I wrote before in my column about how Alberta’s oil sands — while potentially the second-largest source of fossil fuel in the world — unfortunately comes with a pretty steep price. Oil sands are a thick molasses of sand, rock, and oil mixed together into raw bitumen.
For obvious reasons, bitumen lacks its own hydraulics, which is why it cannot flow to the surface on its own. Instead, oil sand shafts have to be flooded with steam to loosen the bitumen before extraction. And, once on the surface, more energy is needed to finish the process. Since more costs are added to the extraction process in comparison to conventional fossil fuel extraction, oilmen need high oil futures prices.
Not all oil sands are created equal. Apparently, there is a difference between bitumen trapped in limestone and bitumen comprised of oil, dirt, and ordinary rocks. While the former is harder to pull to the surface, the oil is easier to separate from the hard limestone than it is from dirt and sand rocks.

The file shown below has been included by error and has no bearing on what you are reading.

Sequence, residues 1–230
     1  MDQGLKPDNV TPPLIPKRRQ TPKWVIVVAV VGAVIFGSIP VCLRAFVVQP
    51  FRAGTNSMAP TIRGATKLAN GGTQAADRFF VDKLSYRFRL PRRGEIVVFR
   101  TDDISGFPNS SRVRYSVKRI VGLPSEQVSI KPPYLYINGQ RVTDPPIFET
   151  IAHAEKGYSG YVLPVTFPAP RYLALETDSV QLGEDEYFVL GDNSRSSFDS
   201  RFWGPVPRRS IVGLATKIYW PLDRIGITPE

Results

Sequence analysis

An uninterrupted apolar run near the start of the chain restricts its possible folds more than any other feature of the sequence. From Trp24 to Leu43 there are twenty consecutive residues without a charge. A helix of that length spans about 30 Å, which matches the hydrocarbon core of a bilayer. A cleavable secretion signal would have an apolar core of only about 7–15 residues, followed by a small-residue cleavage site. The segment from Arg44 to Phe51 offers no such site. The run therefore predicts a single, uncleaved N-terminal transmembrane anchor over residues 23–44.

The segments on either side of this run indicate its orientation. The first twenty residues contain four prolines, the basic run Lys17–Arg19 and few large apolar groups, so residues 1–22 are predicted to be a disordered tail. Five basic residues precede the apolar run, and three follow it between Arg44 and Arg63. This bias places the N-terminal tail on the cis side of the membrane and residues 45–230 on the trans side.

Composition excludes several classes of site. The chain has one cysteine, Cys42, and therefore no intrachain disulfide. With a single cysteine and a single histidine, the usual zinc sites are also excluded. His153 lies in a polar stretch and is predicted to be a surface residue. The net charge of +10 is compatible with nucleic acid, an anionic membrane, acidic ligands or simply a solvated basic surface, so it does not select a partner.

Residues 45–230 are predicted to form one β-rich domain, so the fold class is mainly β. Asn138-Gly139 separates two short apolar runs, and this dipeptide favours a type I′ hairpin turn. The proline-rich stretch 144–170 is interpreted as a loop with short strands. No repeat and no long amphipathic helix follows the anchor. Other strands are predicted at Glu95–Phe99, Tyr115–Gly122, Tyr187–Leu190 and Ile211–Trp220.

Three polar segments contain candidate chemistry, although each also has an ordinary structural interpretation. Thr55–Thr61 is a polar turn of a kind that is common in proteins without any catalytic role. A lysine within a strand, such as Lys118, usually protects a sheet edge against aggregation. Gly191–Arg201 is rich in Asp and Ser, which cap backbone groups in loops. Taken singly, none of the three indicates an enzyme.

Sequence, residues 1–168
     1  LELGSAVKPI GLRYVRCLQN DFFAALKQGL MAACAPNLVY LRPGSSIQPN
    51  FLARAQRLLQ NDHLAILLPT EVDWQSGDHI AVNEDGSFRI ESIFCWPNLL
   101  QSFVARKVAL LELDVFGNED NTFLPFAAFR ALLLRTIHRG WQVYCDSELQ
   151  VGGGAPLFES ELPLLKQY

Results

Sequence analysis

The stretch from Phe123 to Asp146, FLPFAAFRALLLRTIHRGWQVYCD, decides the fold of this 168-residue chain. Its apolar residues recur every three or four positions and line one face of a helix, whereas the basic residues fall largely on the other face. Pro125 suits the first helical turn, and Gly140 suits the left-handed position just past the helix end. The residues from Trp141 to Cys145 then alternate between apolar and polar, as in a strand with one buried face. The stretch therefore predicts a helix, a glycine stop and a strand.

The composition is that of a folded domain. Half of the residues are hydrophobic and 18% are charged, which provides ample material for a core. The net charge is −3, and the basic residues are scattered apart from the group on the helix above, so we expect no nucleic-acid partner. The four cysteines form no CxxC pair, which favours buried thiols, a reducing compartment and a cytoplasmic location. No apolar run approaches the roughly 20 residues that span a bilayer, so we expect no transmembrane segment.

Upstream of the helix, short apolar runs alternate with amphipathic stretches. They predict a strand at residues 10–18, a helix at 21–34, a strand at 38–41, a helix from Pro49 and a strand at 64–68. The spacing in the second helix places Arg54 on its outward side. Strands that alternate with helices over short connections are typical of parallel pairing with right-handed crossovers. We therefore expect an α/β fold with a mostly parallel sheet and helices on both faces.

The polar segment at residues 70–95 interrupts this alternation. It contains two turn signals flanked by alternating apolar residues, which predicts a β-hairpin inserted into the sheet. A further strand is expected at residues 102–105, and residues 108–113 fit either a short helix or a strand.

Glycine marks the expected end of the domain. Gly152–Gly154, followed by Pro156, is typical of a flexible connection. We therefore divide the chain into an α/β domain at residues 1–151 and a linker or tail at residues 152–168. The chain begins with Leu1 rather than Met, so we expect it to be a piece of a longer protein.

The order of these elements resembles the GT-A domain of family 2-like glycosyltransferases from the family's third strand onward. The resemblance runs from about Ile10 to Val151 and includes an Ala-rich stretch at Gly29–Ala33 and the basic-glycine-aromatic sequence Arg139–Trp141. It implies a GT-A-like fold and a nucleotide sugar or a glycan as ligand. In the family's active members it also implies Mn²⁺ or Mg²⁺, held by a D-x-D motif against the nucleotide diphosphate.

So, oilmen in Canada’s Athabasca region are getting excited again about the deposit, and not because oil prices are picking up the pace, but because some of them could be going, well, nuclear!
Why? First, no worries; no one is going to blow up anything with an A-bomb. Second, in order to free oil from limestone, an enormous amount of electrical power is needed. First, electric heaters and steam flooders are downloaded into shafts to loosen the bitumen. And once on the surface, even more electricity is needed to finish the separation.
To make the extraction commercially viable, oilmen need sources of electrical power that are as cheap as possible. And just where is all that electric power going to come from? Well, that is where nuclear power plants are coming into play.
Royal Dutch Shell PLC has spearheaded the nuclear oil technology, dumping more than half a billion dollars on research and development. And while oil sands miners always represent an interesting bet for investors, this time it might be prudent to look into providers of nuclear energy as well.
While I’m sure there will be considerable environmental hurdles to overcome if and when this new extraction technology hits the oil sands strip, investors should put on their radar oil sands explorers and energy providers that have so far expressed interest in teaming up, such as Husky Energy Incorporated and French atomic energy giant Areva Cip.